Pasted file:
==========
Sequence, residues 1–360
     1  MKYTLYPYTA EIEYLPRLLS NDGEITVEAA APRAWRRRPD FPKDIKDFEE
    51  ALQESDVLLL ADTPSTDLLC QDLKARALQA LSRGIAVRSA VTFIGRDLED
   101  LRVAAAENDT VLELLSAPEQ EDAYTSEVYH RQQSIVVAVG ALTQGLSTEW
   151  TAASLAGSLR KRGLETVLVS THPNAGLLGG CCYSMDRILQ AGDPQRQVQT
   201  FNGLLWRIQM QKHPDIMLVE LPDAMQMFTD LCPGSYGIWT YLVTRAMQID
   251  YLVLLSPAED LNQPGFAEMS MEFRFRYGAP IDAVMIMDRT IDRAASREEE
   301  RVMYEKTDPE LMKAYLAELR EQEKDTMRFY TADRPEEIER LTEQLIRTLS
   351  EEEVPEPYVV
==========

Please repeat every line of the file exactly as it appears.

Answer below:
Sequence, residues 1–360
     1  MKYTLYPYTA EIEYLPRLLS NDGEITVEAA APRAWRRRPD FPKDIKDFEE
    51  ALQESDVLLL ADTPSTDLLC QDLKARALQA LSRGIAVRSA VTFIGRDLED
   101  LRVAAAENDT VLELLSAPEQ EDAYTSEVYH RQQSIVVAVG ALTQGLSTEW
   151  TAASLAGSLR KRGLETVLVS THPNAGLLGG CCYSMDRILQ AGDPQRQVQT
   201  FNGLLWRIQM QKHPDIMLVE LPDAMQMFTD LCPGSYGIWT YLVTRAMQID
   251  YLVLLSPAED LNQPGFAEMS MEFRFRYGAP IDAVMIMDRT IDRAASREEE
   301  RVMYEKTDPE LMKAYLAELR EQEKDTMRFY TADRPEEIER LTEQLIRTLS
   351  EEEVPEPYVV